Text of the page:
Following these guidelines will definitely give you better digestion, and better overall health because your food will be digested, absorbed, and eliminated in a smoother way. Now I will admit I don’t ALWAYS follow these guidelines, but if you do at least most of the time you will still benefit from it 🙂

Reference: “Staying Healthy with Nutrition: The Complete Guide to Diet and Nutritional Medecine (21st century edition)” , 2006, by Elson M. Haas, MD. with Buck Levin, PhD, RD. 

5 things that make your liver happier

5 things that make our liver happy 🙂 : Our liver is one of our most important organs, performing over 100 different functions, so if it isn’t functioning well then we have a problem. A poorly-functioning liver can even effect your skin with oilyness and blemishes, yikes!! So lets make that liver happy and healthy! 


1: Milk Thistle! This is a well known liver detoxifying herb, it helps protect liver cells from damage due to toxins. Image

2: Licorice: don’t like the taste of licorice? You better start getting used to it! This powerful herb helps protect the liver, AND it has anti-inflammatory and anti-bacterial properties, a double win!


3: Dandelion root: Producing bile is one of the ways the liver eliminates toxins, and this herb increases bile flow, therefore assisting in detoxification of the liver.


4: Lemons! When life gives you lemons, squeeze them into your water! This fruit is considered a liver cleanser and detoxifier because it aids in fat metabolism, sweet!


5: Don’t get so drunk: We all know alcohol is bad for our liver, but why? Well one of the liver’s jobs is filtering toxins out of the blood ( alcohol is a toxin ), and as soon as the liver becomes overwhelmed with alcohol and can no longer filter it, that is when we begin to feel drunk. So if you are someone who is a “lightweight” your liver just might not be as efficient at detoxifying. Needless to say, If you are going to get drunk, drink lots of water as well to give your liver some love.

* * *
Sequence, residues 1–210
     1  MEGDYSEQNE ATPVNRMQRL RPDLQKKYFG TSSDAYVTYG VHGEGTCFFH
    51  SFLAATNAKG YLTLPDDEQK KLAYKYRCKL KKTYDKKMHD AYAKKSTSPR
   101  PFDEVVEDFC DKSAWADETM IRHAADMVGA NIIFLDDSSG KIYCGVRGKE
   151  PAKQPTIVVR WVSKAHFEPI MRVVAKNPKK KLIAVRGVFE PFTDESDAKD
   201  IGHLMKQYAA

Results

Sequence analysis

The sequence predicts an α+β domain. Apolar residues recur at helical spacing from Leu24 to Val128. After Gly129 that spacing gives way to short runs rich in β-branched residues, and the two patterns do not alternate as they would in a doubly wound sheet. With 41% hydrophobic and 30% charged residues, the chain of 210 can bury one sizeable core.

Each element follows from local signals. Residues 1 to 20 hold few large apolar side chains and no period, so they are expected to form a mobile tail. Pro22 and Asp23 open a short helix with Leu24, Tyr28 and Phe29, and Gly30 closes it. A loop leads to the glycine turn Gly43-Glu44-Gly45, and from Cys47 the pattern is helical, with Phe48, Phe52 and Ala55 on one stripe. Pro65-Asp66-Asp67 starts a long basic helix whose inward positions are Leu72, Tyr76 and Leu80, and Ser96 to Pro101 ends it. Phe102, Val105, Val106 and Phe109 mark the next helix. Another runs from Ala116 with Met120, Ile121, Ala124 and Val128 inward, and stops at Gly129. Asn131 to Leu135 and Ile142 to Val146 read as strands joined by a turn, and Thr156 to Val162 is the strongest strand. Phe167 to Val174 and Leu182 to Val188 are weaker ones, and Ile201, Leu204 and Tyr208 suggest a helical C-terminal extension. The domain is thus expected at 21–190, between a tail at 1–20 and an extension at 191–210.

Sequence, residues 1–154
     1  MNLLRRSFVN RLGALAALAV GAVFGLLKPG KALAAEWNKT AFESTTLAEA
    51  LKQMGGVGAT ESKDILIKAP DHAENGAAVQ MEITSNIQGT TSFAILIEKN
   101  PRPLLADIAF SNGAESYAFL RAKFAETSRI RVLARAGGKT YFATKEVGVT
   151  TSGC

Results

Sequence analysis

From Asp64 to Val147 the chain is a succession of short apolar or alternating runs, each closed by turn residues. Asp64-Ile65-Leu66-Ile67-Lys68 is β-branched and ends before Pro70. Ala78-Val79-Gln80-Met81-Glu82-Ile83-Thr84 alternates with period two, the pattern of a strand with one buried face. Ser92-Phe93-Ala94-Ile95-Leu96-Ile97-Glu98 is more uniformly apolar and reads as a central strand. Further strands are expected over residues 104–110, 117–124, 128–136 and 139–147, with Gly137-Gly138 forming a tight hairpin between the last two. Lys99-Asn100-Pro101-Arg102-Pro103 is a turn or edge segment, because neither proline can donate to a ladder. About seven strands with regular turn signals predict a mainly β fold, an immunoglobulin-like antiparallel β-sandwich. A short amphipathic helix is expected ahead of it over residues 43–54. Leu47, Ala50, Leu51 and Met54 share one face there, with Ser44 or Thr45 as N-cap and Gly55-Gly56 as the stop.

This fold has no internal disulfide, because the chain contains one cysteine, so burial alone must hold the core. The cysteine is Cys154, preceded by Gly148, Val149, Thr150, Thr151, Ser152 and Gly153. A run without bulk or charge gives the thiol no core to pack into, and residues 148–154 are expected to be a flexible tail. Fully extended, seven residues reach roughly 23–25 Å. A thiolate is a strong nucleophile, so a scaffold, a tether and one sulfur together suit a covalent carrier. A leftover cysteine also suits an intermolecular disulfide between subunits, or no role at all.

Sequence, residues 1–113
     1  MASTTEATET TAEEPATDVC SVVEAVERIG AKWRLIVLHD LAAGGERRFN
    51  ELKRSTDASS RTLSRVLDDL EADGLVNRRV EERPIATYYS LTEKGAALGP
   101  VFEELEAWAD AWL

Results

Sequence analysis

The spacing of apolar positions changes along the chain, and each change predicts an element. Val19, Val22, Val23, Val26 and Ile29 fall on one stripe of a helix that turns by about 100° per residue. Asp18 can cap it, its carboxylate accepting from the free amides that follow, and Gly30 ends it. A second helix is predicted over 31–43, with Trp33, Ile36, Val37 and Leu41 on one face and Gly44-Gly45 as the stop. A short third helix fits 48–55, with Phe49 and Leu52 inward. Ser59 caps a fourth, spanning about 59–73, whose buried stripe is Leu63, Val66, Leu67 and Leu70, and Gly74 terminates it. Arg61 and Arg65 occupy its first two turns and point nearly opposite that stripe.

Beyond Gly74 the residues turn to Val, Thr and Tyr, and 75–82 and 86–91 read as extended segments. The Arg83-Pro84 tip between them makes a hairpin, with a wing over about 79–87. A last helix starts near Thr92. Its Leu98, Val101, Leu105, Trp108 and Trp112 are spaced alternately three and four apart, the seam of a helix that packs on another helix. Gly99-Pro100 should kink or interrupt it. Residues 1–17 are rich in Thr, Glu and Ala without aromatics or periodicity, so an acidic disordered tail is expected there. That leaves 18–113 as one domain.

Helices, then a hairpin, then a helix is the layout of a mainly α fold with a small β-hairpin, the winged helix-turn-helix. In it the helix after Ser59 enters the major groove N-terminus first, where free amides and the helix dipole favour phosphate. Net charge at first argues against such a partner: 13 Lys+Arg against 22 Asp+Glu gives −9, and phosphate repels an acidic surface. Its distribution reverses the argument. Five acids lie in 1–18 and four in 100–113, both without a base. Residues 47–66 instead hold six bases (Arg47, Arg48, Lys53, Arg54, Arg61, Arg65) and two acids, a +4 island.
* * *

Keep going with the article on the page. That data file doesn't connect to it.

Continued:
You can look for Milk Thistle, Licorice, and Dandelion root in teas as well as supplements.


Reference: “Staying Healthy with Nutrition: The Complete Guide to Diet and Nutritional Medecine (21st century edition)” , 2006, by Elson M. Haas, MD. with Buck Levin, PhD, RD. 

5 things you can do to look like a reef girl

5 things you can do to look like a reef girl: I used to be jealous of these girls, but jealousy gets you nowhere right? So instead I just decided be my own confident reef girl ( who doesn’t have a professional to airbrush her butt ) who rocks her bikini! And here are my tips 🙂Image

 1: Eat your fruits and vegetables! The more of these you eat, the less room for all that other crap in your stomach. Start your day with a huge (so big you have to put it into two separate big glasses to drink) smoothie of just fresh/frozen fruits, maybe some spinach or kale thrown in there, and just add water, no yogurt! Maybe a bit of unsweetened almond milk, but that’s it!